AutoLight and the Acer C720

The chromebook hacker’s fav, the Acer C720, is neat in that it comes with a little grey plastic lens at the top corner of its keyboard. What is neat about it is that this lens houses a combination light/infra-red/proximity sensor. What is not so neat is that this sensor is enabled in the kernel, but does not have any software which uses it – the screen does not have any automatic brightness adjustment, for instance.

A light sensor is included on the C720, but isn't leveraged by Google's software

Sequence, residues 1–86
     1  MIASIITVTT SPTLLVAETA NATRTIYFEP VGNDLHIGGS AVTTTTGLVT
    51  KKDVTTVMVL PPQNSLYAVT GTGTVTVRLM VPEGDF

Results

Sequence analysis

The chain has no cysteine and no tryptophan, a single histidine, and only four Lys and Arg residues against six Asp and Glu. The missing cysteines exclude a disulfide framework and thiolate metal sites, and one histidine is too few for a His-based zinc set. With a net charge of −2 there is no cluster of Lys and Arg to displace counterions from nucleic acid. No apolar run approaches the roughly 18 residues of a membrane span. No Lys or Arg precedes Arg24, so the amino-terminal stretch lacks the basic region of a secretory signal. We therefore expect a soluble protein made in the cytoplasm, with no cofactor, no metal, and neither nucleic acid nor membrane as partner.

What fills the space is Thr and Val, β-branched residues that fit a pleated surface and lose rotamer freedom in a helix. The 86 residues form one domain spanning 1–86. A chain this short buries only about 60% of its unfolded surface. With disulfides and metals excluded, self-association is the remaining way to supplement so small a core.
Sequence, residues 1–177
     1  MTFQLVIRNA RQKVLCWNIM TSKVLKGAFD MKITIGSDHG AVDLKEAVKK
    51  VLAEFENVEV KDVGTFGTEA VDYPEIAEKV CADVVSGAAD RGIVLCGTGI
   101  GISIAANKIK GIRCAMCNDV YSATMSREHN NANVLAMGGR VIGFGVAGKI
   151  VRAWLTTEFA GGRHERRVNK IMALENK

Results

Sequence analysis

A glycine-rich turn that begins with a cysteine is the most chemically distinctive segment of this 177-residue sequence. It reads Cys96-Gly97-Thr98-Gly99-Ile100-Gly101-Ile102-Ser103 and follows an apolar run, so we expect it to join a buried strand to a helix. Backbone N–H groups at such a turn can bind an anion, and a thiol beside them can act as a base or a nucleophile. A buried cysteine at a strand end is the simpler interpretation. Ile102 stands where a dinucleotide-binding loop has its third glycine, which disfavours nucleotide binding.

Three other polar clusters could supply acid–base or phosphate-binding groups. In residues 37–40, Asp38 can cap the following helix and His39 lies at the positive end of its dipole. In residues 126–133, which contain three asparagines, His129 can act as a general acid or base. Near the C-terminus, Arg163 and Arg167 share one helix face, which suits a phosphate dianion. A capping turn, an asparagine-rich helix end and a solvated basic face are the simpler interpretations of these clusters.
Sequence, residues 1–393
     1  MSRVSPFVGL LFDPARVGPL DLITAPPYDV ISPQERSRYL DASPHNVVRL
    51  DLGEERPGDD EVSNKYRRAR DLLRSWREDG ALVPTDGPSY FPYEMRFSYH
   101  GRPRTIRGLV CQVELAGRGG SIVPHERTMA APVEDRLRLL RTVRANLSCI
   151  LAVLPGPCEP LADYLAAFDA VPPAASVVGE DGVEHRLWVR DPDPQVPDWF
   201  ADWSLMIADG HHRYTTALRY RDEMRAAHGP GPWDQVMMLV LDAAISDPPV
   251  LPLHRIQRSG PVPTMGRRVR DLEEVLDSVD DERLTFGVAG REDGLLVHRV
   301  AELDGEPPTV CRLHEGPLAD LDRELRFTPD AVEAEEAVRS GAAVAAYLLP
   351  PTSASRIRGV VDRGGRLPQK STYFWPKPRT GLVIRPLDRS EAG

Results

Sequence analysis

A light sensor is included on the C720, but isn’t leveraged by Google’s software

I would have really liked it if my Chromebook came out of the box with auto-dimming screen, but I decided to do the next best thing and get this working myself. I wrote a quick script that I call AutoLight that polls the sensor, and adjusts the screen to the brightness level. You can check it out here on Github.

The script is intended to make brightness transitions soft, and I tried to minimize some of the expense of polling on CPU load. Bundled with AutoLight  is an init script, so it can be run as a service on startup. Tested and working on the Acer C720 / C720P; crude but effective backlight auto-adjustment!

Happy Hacking!

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